A topological sort (or topological ordering) of a directed graph is a linear ordering of its vertices such that for every edge

,

comes before

in the ordering. For instance, the vertices of the graph may represent tasks to be performed, and the edges

may represent constraints that one task

must be performed before another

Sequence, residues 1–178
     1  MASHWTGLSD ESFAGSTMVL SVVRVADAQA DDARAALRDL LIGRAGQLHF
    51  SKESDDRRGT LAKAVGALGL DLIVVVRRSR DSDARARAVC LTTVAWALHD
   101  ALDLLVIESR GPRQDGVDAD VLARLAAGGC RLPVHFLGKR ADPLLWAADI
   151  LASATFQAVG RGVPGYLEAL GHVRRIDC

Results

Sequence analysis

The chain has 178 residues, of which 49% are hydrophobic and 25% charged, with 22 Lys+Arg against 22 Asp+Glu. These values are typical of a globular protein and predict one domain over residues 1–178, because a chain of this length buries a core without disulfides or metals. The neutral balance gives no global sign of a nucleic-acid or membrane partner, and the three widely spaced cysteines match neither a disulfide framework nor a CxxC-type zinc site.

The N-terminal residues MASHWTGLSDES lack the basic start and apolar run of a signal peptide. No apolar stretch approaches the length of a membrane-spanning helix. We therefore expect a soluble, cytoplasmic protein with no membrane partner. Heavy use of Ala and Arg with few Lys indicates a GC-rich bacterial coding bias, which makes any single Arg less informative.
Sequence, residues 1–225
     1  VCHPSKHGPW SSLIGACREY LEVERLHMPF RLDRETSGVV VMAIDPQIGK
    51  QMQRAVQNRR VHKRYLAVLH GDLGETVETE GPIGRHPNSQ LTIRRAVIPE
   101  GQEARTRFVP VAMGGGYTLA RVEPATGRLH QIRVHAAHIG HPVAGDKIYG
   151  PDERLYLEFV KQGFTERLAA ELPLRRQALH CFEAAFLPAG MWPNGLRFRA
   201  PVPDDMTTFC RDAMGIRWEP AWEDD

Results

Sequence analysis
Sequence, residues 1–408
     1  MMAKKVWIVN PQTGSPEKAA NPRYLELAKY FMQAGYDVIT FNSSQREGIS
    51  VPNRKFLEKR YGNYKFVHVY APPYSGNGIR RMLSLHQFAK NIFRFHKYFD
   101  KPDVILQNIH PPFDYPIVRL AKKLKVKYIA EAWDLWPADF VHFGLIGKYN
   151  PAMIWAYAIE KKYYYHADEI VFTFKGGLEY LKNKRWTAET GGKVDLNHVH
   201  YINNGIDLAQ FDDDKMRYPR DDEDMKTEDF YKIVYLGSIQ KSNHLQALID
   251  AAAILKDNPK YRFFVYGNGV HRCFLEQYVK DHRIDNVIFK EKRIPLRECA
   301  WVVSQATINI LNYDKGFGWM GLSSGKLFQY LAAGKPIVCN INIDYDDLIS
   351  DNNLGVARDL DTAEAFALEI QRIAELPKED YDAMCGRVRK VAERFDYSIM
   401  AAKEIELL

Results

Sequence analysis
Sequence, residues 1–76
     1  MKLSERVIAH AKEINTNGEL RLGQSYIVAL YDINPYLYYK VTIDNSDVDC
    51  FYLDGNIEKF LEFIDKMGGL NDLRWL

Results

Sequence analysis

. In this application, a topological ordering is just a valid sequence of tasks. A topological ordering is possible only if the graph has no directed cycles, that is, if it is a directed acyclic graph (DAG). Any DAG has at least one topological ordering, and algorithms are known for constructing a topological ordering of any DAG in linear time. This Demonstration shows random DAGs with a prescribed number of vertices along with one topological sort and two matrices. The matrix on the left represents the adjacency matrix of the graph. In the first graph, vertices 2, 3, and 5 have no out vertices; for that reason their rows are empty. The matrix on the right shows the adjacency matrix corresponding to a relabeling of the vertices following the topological sort; this matrix is upper triangular.